Occupational Therapy for Treating Autism
Your child may benefit from occupational therapy if they have difficulty performing their play, education, self-care, or everyday life functions.
Our occupational therapists and occupational therapy assistants help children participate in the activities they want and need to do through the therapeutic use of everyday activities (occupations). Common occupational therapy interventions at TDLC focus on helping children with disabilities to increase their participation in home, school, and social situations.
Our Occupational Therapy Programs
We provide individualized evaluations with your child (and family) where one of our occupational therapists can help determine your child's overall goals, helping craft a program plan that best suits their needs.
A Plan to Succeed
By utilizing customized intervention plans, we can improve your child's ability to perform daily activities in order to reach their daily milestones.
Individualized Goal Management
Ongoing evaluations will be performed so that we can continuously evolve and improve the intervention plan, ensuring your child's’ progress and goals are being met.
How Our Program Helps Your Child
Self Care Skills - dressing, self-feeding, personal hygiene and grooming.
Fine Motor Development - handwriting, grasping, cutting, shoe tying, in-hand manipulation, fine motor dexterity and coordination.
Gross Motor Development - improve motor planning, hand-eye coordination, strength, endurance and balance.
Play Exploration and Participation - pretend play, games with rules, constructive play, play skills with peers.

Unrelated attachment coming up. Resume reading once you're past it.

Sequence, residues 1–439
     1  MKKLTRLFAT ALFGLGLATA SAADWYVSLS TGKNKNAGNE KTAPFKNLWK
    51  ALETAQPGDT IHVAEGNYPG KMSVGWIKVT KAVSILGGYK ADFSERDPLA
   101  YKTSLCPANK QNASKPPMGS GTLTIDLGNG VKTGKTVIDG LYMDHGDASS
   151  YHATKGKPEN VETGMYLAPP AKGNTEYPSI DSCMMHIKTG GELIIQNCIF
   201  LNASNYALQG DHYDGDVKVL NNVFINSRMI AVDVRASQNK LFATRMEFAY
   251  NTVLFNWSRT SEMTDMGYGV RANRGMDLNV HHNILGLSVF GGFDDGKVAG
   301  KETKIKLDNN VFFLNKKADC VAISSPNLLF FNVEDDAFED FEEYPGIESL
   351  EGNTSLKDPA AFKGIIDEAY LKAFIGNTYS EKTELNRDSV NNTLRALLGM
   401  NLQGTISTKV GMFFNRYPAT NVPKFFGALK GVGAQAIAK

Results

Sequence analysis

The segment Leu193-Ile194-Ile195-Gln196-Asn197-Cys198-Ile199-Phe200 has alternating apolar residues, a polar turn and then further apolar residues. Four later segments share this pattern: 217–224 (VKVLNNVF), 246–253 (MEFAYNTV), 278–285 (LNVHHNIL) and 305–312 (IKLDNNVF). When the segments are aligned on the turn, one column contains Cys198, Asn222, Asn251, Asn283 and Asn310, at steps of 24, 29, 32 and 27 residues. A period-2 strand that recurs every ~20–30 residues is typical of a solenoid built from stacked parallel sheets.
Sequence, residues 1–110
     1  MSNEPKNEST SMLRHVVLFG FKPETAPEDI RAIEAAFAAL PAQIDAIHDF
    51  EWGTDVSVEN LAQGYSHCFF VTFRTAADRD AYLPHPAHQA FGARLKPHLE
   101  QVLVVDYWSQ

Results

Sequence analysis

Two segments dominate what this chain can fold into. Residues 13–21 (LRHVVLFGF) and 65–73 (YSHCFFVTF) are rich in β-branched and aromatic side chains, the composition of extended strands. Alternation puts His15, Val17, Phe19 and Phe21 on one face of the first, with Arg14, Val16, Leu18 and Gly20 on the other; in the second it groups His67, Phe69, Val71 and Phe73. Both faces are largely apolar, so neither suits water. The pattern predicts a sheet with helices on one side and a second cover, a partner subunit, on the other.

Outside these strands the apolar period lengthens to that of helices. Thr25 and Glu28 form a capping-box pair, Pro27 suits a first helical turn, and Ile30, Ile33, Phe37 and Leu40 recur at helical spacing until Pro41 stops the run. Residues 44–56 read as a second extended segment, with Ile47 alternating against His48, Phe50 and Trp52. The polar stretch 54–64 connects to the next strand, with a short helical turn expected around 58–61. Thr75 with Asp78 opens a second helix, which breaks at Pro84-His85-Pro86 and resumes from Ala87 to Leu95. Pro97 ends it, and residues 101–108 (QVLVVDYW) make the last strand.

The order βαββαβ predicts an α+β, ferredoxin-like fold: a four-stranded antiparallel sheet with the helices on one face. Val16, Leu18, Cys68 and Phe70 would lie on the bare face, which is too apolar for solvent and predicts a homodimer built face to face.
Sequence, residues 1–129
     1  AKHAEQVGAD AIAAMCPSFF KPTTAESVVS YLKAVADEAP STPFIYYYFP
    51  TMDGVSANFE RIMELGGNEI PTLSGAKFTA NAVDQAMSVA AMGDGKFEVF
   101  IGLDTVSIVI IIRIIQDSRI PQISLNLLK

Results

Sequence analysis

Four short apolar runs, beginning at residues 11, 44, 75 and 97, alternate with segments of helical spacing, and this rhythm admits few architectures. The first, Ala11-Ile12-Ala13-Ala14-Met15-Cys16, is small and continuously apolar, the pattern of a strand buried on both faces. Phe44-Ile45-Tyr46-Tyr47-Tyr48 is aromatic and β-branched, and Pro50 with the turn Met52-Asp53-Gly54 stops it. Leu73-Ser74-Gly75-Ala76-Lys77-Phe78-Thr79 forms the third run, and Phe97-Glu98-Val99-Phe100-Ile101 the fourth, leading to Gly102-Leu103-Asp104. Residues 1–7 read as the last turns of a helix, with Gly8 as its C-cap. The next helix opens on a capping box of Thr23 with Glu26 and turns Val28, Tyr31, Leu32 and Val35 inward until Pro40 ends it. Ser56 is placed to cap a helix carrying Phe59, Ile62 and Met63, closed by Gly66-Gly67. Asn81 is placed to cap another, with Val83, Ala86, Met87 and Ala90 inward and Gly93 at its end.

Safety and Body Awareness - following directions and improving attention.
Sensory Processing and Regulation - controlling feelings, emotions, and behavior.
Does My Child Need Occupational Therapy
The following are some developmental milestones for early childhood, listed by age. While every child develops at his or her own pace, general milestones can serve as a guide to typical development — and help doctors and other health professionals determine when a child might need extra help.
- Sit unsupported
- Poke finger into hole of a peg board
- Crumple paper with palms
- Roll from back to stomach
- Bang a cup on the table
- Open a book
- Place 3 pegs in a pegboard
- Creep up 2 steps on hands and knees
- Makes at least 1 scribble (more than 1 inch) on paper
- String 2-4 beads
- Remove screw-on lid from bottle
- Cut paper in one place
- Imitate ball thrown underhand/overhand 7 feet before hitting the ground
- Unbutton 3 buttons
- Draw a circle and a cross
- Trace a horizontal line
- Lace 3 shoelace holes
- Catch an 8 inch ball with arms extended
Getting Your Child Started with Occupational Therapy
If you are interested in occupational therapy services or have any questions, give us a call or send us an email to set up an appointment for an OT evaluation. Our Occupational Therapists will conduct an evaluation to determine the need, nature, and/or severity of your child's concerns. Upon completion, the evaluation will be explained to the parent, including recommendations for therapy and at-home practice.
Some of the information on this page can also be found at: http://www.aota.org.